I never make one thing but that I make ten. Or twenty. Or more. And so my passionate, intent trips to the tailor continued, and my little closet stuffed itself with black velvet opera coats lined with satin, and a mellow cream aviator scarf, and a long vest of the most gorgeous hot magenta raw silk with a woven-in design that would have looked right in a mosque, with its sacred geometry. And a kelly-green velvet one the same style.
The day came for me to fly. Both M. and the young ‘un had gone already, and I dressed so carefully for the longed-for meeting… tweed trousers, black silk jacket, white blouse. My hair washed and done in a French braid for travel. Black flats with a red dot at the toe, that pinched my foot rather, as M.G. Road shoes are wont to do.
And, of course, W. was not there to meet me.
I waited three hours – of course I did – and then, in dismal mood, took a taxi to the flat where I was renting a room.
I phoned him. No answer.
I finally got through to him next day. He mumbled some excuse and agreed to meet me at a street corner near the flat. I was a little cross by then, but gamely, hopefully, I bathed, lotioned my body, and dressed in another version of my best.
He didn’t show.
Finally, on the phone that evening, he said he was waiting for the Spanish girl, who was difficult, but that was where his energy was.
My birthday arrived, and the young ‘un managed to have flowers delivered to me just in time for a dinner I had cooked for my hostess and some friends – had managed this although he was in Sedona! I will admit I was impressed.
I took the train to Leysin, high on a mountainside in the Alps, where I was to lead a group. In my high-ceilinged room I sat down and wrote a long, vexed poem about those clothes, and all that that man was missing in turning his back on me.
And, bit by bit, I gave many of those clothes away. Not out of bitterness – how could I feel anything but covetous for such beauty? – but because of a general sense of just having too much – too many luxurious gorgeous clothes (I have so often felt this way about jewels, poems, paintings, as well). So I gave the poet blouse to someone whose complexion suited it better. And I left a negligee set in Sedona with a slightly-reluctant friend, when I went there next (and broke up finally with the rather ferocious young man, for good and all).
And the way I thought about the episode was this: “What a pitiable, preposterous, absurd idiot I am! A junkie for love, to the extent that I’ll waste masses of time, energy, money, passion – on a non-starter, an obvious non-match, a gap in the fabric of the Universe! How could I do such mind-blowingly idiotic things? Must be that my Distant Father is behind it all; his unavailability dragging me into futile attempts to engage unwilling men. Oh, woe, woe is me. Oh well! Let’s get up and go do something else now.”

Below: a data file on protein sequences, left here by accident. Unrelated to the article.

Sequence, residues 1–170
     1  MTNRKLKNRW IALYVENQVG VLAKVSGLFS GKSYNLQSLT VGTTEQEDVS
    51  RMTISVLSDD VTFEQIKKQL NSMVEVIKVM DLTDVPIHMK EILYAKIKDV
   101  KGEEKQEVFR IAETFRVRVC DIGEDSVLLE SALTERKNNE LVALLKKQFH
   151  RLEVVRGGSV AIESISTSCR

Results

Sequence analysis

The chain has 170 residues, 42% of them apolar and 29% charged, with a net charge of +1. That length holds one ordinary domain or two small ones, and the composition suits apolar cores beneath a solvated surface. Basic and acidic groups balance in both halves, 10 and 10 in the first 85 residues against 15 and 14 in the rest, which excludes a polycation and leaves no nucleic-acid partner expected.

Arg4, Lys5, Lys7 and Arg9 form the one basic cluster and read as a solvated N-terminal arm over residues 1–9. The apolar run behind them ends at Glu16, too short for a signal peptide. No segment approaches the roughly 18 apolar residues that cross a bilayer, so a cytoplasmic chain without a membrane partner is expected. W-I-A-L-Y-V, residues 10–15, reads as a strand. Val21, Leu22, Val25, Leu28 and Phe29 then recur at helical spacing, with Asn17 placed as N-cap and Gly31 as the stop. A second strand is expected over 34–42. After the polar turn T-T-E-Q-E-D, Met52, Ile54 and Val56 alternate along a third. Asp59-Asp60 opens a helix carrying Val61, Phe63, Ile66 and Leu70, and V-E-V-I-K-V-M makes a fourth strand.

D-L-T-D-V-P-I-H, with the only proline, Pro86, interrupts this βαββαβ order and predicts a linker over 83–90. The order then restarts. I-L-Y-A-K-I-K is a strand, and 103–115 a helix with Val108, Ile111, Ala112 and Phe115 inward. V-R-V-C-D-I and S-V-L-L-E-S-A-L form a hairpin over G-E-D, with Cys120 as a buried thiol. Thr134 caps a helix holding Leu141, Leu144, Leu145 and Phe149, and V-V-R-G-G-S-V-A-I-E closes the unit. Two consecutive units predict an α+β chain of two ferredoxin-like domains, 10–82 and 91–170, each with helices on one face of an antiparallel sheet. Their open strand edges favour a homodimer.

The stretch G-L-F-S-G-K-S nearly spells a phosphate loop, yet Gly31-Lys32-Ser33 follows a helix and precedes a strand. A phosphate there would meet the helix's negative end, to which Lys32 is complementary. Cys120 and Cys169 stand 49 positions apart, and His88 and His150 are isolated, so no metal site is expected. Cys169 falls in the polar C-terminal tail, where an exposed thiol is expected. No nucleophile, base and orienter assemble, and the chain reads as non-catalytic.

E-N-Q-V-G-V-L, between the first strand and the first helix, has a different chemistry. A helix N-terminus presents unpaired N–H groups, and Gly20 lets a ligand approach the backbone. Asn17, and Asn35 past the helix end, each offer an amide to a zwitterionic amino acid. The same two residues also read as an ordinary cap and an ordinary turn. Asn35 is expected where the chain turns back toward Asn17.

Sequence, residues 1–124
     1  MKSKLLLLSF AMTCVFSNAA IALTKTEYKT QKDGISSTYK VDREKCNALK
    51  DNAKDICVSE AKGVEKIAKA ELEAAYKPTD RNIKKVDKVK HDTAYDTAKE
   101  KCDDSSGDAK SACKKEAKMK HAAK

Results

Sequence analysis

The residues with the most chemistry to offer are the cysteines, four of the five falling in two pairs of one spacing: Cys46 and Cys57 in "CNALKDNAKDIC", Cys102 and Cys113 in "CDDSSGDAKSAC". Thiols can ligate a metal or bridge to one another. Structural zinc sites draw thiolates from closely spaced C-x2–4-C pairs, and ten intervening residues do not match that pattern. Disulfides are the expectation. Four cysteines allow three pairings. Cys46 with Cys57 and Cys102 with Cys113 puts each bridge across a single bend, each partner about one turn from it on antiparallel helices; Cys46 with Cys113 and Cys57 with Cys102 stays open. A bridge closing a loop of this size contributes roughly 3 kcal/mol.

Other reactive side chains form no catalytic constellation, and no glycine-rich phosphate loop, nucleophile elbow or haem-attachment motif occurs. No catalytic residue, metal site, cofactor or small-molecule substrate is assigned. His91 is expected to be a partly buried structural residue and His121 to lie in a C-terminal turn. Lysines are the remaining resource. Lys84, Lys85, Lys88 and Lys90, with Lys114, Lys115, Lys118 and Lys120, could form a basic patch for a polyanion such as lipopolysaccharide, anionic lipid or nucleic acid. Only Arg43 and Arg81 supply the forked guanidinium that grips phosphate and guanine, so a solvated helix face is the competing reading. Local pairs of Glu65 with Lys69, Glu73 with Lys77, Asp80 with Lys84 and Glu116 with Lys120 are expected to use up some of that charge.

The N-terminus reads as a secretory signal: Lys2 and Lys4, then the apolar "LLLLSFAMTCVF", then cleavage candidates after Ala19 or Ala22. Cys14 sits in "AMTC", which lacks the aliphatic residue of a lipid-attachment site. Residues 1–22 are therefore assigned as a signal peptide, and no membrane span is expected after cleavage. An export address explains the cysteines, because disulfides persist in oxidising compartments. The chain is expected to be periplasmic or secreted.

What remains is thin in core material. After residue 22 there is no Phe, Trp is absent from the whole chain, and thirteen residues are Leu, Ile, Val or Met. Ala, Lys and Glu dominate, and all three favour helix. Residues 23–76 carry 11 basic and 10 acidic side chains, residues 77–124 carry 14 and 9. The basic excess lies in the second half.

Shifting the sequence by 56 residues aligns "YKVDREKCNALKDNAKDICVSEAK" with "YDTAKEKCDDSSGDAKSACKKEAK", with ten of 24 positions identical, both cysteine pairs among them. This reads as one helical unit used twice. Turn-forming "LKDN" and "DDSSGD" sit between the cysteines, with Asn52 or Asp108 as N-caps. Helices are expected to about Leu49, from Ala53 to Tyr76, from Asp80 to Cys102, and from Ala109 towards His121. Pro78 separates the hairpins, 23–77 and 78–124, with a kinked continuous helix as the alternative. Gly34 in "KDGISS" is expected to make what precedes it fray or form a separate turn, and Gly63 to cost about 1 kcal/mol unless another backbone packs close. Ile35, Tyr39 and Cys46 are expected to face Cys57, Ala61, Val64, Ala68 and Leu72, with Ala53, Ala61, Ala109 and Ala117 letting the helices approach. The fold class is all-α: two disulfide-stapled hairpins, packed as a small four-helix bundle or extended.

But just the other night I was sitting in Nelson’s Wine Bar in Hebden Bridge, at a little round table, with two lovely women – one my open-hearted hostess where I was staying for a week, the other a young Indian who was her friend; a journalist-turned-actress I’ll call Naveen, with lush long sweeps of hair and a wide full grin. And we got into telling stories of crazy things we’d done for love. One had left her husband and children to fly to England to be with a man she’d met once. One escaped a long, moribund, abusive marriage in a highly suspenseful style, to live on her own.
And I told my little tale of the clothes that arose in me, and failed, and flew away.
“What a romantic story!” cried Naveen. “That is pure romance!”
“It is?” I asked, stunned.
“Yes!” she cried.
And I pondered this. And my perspective shifted. And I saw myself differently – or at least in an additional light, if not an altogether alternative one.
For is not this the essence of romance – to make something beautiful, whether anyone is there to appreciate it or not; and then cast it to the winds? Not holding – not selling – not demanding anything in return. Not preserving. Like a dance or a song or a piece of music played to the skies… a lovely blouse is born in concentration and labour and the lilt and puff of dreams. It rests on a moving form for an afternoon. It goes on elsewhere. A song sings because it must – and then it’s gone. An ache in the heart like autumn – not asking fulfilment. Just a dream of beauty, made flesh. Kissed, and then allowed to waft skywards.
I am thinking that when we die, and we cannot take anything with us – we might respect those gestures, those moments, greatly – more so than the things we gathered, measured, held.